L.A. Is a Top Destination For College Grads
Los Angeles is many things to many people. Some idiots think we're all about Hollywood. But a vast majority of the daily lives of average Angelenos has zero to do with Tinseltown.
Here's an aspect of the city you might have neglected: College and post-college life. We certainly don't have the academic glow of Boston. Yet, by one measure we have the best university on the planet.
And now a report released this week by CityObservatory shows that Los Angeles is a magnet for the nation's degree-holding young adults:
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The organization's City Report found that L.A. ranked second in the nation when it comes to our share of 24- to 34-year-olds with a four-year degrees.
There are 664,472 people in that age range here with at least bachelor-level educations, the report found.
We were beat out only by New York, which had a whopping 1,263,659 college-educated 24- to 34-year-olds. However, we beat the Big Apple in one metric:
The growth of this post-college crowd. L.A. has seen a 30.4 percent increase in this demographic between 2002 and 2012, City Observatory says.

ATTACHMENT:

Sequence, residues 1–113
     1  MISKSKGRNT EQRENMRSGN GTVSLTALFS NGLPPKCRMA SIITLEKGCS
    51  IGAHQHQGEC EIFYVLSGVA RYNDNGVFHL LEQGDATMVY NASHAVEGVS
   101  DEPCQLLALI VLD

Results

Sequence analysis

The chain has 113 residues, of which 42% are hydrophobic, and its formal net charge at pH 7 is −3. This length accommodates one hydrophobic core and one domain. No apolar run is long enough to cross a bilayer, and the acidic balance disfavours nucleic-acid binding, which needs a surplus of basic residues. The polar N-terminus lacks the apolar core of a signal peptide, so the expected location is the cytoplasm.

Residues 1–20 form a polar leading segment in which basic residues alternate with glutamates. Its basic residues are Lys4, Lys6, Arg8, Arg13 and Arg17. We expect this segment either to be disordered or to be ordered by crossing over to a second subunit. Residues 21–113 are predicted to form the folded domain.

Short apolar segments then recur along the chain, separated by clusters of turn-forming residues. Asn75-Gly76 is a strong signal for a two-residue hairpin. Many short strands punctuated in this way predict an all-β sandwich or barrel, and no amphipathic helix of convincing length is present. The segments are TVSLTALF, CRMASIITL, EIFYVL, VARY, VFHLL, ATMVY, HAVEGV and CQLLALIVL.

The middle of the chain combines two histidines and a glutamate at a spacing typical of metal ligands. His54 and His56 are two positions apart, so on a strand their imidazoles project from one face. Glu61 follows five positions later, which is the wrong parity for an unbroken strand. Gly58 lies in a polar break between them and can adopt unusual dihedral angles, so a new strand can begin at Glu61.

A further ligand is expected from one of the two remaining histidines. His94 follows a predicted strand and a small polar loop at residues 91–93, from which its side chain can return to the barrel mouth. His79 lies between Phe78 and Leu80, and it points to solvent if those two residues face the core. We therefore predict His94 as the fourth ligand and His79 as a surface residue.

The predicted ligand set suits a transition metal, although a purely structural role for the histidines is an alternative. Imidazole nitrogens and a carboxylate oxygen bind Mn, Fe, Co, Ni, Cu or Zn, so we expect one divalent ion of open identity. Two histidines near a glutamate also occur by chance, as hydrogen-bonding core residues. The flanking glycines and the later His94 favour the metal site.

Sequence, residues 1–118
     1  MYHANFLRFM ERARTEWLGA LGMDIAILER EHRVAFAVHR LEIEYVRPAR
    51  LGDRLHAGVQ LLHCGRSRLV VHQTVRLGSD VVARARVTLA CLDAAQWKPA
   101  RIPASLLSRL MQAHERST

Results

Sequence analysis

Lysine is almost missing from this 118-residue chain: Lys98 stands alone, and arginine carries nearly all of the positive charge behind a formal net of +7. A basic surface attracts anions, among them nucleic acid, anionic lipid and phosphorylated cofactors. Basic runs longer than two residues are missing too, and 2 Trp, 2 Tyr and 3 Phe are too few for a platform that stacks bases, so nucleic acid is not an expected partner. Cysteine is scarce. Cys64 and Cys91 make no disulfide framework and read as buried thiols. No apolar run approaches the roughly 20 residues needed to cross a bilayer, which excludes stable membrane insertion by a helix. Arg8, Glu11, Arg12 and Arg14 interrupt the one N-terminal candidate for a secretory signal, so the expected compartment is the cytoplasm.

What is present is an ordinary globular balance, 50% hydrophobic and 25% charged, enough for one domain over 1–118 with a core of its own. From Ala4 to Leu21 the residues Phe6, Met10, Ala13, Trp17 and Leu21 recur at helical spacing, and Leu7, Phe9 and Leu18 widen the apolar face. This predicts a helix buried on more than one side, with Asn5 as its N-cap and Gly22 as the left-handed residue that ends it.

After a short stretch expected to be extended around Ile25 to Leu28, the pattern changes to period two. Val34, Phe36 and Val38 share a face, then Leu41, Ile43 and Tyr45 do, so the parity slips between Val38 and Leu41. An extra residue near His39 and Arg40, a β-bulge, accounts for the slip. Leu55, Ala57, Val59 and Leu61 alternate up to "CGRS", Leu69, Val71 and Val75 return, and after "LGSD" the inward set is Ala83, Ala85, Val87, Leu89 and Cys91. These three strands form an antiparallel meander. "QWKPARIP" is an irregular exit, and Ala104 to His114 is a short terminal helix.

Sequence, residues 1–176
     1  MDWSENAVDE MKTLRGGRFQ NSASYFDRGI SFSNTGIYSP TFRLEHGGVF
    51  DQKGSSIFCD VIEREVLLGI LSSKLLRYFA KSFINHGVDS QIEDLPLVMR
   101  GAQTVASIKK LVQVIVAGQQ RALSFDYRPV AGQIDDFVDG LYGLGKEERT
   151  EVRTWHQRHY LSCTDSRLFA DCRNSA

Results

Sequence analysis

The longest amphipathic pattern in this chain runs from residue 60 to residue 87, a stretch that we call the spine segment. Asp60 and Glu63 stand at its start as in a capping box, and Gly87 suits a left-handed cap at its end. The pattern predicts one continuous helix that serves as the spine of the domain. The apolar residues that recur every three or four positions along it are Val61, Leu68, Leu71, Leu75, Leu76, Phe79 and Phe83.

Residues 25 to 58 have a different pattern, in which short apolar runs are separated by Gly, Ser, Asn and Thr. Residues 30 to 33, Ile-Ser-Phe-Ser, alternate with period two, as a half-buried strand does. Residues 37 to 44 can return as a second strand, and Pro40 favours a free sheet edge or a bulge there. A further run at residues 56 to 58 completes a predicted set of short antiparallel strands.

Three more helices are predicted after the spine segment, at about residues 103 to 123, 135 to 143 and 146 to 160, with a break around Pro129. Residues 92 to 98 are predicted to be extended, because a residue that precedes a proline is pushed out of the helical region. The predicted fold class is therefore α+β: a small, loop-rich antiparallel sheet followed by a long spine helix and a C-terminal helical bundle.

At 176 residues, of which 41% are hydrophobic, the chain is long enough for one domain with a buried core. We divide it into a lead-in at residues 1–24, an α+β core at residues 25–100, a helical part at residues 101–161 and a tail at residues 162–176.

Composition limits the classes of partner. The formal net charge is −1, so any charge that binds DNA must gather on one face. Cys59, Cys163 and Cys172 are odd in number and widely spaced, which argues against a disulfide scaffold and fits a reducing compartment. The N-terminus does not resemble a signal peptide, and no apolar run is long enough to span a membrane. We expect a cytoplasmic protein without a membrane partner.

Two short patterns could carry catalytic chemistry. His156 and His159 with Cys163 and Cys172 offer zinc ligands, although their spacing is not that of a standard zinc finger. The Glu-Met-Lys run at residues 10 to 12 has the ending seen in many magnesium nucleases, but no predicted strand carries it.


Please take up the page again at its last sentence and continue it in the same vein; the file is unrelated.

That puts our burg in the top 10 in the nation for cities where young, educated adults are dropping anchor.
In fact, that percentage puts us at number 9 for growth in this demographic nationwide.
The top town for greatest increase in 25- to 34-year-old degree-holders was Houston (49.8 percent), followed by Nashville (47.6), Denver (46.6), Austin (44.3) and Portland (37.3).
City Observatory says that SoCal cities like L.A. are gaining while the Inland Empire is losing here:
In Southern California, there seems to be a filtering of population. In coastal Los Angeles and San Diego, the number of 25 to 34 year olds with a four year degree is increasingly sharply (up 30 percent in Los Angeles and 43 percent in San Diego),compared to 2000. While the Inland Empire (Riverside) continues to grow, two-thirds of its net new 25 to 34 year residents have less than a four-year college degree.
So there you have it. Los Angeles is the place to be. Even if you don't necessarily have stars in your eyes.
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